Rodney Atkins doesn’t really look at TikTok, so he had no idea one of his songs has been trending on the social media app.

Recently, TikTok has been full of videos of dads and sons sharing sweet and everyday moments together while the county star’s song, “Watching You,” plays in the background.

The videos often reference parts of the song, which honors the bond between a father and son, by wearing cowboy boots and camouflage pants or eating chicken nuggets.

Sometimes they sing along to the fun-loving lyrics, “Yeah, we’re just alike, hey ain’t we dad. I wanna do everything you do. So I’ve been watching you.”

That the country song from 2006 has found a place on TikTok is just another example of its surprising longevity. It’s one of the songs that shaped Atkins’ career. “Watching You” was deemed the No. 1 song of the decade by Country Aircheck. And Atkins has heard story after story from fans about how they relate to the song.

There’s his own story behind writing the song, and it’s a story Atkins remembers every detail about, as he said during an interview. Atkins remembers that he was recording his breakthrough album, “If You’re Going Through Hell,” at home. Specifically, he had his equipment set up in the pantry of his kitchen.

Atkins didn’t think his son was paying attention, but Elijah must’ve overheard some of his dad’s vocals. Atkins remembers picking his 4-year-old up from school when a teacher, named Miss Sarah, pulled him aside, saying, “I need to talk to you about your boy.”

She told Atkins about how she tries to get all the kids to line up quietly before lunch. And how, in that line, she could hear “a little voice” from the back singing, “If you’re going through hell, keep on going.”

“And she said, ‘I’ve never heard that song,’” Atkins recalled.

In response, he said, “Oh, he’s heard me sing it. I’ll talk to him.”

After that talk and putting his son to bed that night, Atkins went to the front porch and wrote most of “Watching You.”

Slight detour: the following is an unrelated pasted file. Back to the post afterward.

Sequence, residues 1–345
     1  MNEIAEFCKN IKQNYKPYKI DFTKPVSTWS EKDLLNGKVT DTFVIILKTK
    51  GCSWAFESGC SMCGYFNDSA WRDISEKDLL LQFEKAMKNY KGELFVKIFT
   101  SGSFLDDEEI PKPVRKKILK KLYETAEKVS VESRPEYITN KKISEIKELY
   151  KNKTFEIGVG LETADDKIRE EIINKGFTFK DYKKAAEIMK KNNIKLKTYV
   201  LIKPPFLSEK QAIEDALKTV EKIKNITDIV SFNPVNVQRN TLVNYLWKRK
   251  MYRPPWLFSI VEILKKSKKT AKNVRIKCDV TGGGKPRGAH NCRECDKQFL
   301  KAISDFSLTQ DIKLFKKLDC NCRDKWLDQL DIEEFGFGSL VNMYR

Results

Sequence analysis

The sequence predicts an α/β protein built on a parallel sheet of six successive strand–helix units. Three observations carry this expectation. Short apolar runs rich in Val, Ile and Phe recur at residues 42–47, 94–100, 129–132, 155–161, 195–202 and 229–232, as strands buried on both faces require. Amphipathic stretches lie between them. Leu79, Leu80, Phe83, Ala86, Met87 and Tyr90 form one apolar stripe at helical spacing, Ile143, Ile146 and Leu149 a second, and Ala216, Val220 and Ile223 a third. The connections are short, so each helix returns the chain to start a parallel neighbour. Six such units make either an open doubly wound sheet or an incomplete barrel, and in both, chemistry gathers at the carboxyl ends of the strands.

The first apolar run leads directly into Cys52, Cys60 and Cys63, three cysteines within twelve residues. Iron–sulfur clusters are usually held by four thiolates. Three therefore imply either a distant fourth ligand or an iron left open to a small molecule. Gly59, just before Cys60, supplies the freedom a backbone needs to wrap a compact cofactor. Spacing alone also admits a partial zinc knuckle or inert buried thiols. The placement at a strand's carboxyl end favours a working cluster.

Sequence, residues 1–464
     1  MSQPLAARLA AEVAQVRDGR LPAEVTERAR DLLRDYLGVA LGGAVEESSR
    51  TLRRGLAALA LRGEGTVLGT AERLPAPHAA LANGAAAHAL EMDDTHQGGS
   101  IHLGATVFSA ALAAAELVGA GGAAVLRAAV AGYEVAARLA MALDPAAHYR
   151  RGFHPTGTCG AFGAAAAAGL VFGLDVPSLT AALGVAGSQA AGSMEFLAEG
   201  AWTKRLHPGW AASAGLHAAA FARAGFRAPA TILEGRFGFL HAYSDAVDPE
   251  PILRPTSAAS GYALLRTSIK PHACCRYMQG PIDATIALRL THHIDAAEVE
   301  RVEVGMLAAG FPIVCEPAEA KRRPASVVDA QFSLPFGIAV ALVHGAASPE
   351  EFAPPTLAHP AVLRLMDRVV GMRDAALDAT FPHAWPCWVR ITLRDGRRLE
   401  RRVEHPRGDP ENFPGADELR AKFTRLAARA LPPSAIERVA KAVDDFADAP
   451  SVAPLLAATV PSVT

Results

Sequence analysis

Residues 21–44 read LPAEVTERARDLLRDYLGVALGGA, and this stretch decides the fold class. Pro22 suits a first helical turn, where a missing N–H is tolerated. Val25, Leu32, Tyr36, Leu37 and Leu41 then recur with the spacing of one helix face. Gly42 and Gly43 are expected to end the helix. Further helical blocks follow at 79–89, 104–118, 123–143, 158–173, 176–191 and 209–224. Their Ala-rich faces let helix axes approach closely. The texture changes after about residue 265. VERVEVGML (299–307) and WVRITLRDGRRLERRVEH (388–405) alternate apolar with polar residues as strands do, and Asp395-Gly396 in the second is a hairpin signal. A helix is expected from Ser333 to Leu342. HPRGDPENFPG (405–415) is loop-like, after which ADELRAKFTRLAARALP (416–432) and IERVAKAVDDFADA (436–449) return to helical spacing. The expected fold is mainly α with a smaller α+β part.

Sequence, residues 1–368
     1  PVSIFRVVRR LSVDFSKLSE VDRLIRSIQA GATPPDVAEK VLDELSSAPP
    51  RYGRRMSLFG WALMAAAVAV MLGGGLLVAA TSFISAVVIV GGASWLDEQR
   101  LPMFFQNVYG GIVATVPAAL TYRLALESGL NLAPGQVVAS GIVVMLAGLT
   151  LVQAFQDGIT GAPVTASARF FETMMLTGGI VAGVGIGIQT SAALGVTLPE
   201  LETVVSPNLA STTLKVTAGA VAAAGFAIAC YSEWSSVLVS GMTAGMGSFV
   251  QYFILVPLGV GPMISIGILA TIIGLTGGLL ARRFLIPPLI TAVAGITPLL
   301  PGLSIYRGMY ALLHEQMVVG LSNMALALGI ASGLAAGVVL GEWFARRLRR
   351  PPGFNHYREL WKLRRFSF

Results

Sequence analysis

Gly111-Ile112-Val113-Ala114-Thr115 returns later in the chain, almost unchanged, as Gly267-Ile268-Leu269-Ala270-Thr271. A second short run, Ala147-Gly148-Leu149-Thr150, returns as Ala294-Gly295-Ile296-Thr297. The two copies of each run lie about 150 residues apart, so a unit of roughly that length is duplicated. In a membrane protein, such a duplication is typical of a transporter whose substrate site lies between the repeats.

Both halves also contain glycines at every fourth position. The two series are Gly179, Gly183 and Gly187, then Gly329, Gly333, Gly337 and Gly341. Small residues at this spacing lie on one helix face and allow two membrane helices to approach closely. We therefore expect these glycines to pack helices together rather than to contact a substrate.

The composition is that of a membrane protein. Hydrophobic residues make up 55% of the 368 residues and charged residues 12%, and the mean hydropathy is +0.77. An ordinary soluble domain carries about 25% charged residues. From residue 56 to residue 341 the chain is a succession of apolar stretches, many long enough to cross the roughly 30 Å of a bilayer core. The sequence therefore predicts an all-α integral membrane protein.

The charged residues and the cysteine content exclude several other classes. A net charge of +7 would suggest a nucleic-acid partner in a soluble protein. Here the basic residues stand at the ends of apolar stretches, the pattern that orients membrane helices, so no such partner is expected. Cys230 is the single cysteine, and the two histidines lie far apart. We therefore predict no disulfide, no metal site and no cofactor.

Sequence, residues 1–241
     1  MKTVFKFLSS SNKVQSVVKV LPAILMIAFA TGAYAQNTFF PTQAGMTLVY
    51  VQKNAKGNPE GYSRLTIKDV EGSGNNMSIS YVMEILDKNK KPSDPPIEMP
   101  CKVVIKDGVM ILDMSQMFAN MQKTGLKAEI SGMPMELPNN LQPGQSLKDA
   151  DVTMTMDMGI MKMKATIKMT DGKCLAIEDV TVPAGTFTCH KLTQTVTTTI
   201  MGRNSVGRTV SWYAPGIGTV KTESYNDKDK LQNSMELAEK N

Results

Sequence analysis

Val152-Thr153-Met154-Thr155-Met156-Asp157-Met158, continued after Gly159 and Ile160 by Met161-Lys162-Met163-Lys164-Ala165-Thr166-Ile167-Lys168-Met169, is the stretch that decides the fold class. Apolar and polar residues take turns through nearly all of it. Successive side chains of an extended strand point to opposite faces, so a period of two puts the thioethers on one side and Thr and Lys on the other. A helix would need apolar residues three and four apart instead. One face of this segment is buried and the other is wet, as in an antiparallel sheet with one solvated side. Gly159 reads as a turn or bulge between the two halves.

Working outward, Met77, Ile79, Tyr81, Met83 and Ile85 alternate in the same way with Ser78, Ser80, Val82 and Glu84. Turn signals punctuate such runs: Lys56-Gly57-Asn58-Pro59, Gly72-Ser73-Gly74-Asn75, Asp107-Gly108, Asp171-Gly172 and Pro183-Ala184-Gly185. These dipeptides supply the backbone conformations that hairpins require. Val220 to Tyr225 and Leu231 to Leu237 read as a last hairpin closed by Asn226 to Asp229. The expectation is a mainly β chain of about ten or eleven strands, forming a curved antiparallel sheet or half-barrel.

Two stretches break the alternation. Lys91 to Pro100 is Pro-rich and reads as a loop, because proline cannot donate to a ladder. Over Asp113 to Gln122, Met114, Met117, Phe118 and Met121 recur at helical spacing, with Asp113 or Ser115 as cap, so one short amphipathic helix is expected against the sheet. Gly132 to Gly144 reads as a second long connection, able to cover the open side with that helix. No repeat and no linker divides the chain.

As so many people have heard by now, the song sets the scene of Atkins and his son in the car when a green traffic light turned straight to red.

“I hit my brakes and mumbled under my breath,” Atkins sings, and says that his kid shared his frustration.

“Well then my 4-year-old said a four-letter word that started with ‘s’ and I was concerned,” the song goes. “So I said, ‘Son, now where did you learn to talk like that?’”

That’s when the chorus comes in, going like this, “He said I’ve been watching you dad, ain’t that cool? I’m your buckaroo; I wanna be like you.”

When singing that chorus at his concerts, Atkins has seen countless dads sing along while holding their kids up above their heads.

“I quickly realized that this might be something that can touch people’s lives,” Atkins said. “You see those dads and their kids sharing that moment and it’s pretty magical.”

But the song almost didn’t get its moment. When Atkins initially pitched the song to his label, executives weren’t sure about it. “They said it was too personal and that it was cute, but nobody wants to hear me sing about my 4-year-old,” he said. “But it’s the details that make it feel so personal to people. That’s what connected with folks.”

It’s also a song that proved hard to sing on stage, when Atkins was away from his son.

“You’re singing ‘Watching You’ about your son and I’m up there dying missing my son,” Atkins said. “I beat myself up about that a lot.”

Even that goes back to what the song is about: doing the best he can as a father.

“If there’s a common message in my music, it’s about making mistakes or struggling and pushing through that struggle,” he said. “It’s about being human.”

Atkins, who lives in Tennessee, has seen struggle during the pandemic, when he was off the road and worried about how to continue making music.

There was a bright side. He got to spend each day with his singer-songwriter wife, Rose Falcon, and two youngest sons, who are 2 and 3. Atkins and Falcon recorded an album together, which will be out soon. And he got to experience “every single little milestone” with his youngest boys.

“You can’t get that back if you miss it,” he said. “And I know that from experience.”

His younger boys don’t know the song “Watching You” yet. But Atkins bets that they will soon, because they’re all sort of living “Watching You Part Two.” And because it’s the kind of song that’s going to stick around.

“I’ve tried to be careful about that with the songs I write,” he said. “I want to make sure that the song is going to be relevant 30 years from now.”

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